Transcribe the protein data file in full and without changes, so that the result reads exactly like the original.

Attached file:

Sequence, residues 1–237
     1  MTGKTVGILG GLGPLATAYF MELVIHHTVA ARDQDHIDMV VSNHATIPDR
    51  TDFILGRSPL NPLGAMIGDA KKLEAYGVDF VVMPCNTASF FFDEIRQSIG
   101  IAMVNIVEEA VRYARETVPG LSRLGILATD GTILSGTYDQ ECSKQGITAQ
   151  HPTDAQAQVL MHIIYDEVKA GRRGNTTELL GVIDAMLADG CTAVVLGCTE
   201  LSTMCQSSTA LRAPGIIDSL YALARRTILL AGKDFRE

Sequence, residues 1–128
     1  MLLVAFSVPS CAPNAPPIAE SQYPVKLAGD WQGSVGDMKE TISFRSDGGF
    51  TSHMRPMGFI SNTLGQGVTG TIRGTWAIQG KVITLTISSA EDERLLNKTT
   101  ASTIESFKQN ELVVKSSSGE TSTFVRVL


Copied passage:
Sequence, residues 1–237
     1  MTGKTVGILG GLGPLATAYF MELVIHHTVA ARDQDHIDMV VSNHATIPDR
    51  TDFILGRSPL NPLGAMIGDA KKLEAYGVDF VVMPCNTASF FFDEIRQSIG
   101  IAMVNIVEEA VRYARETVPG LSRLGILATD GTILSGTYDQ ECSKQGITAQ
   151  HPTDAQAQVL MHIIYDEVKA GRRGNTTELL GVIDAMLADG CTAVVLGCTE
   201  LSTMCQSSTA LRAPGIIDSL YALARRTILL AGKDFRE

Sequence, residues 1–128
     1  MLLVAFSVPS CAPNAPPIAE SQYPVKLAGD WQGSVGDMKE TISFRSDGGF
    51  TSHMRPMGFI SNTLGQGVTG TIRGTWAIQG KVITLTISSA EDERLLNKTT
   101  ASTIESFKQN ELVVKSSSGE TSTFVRVL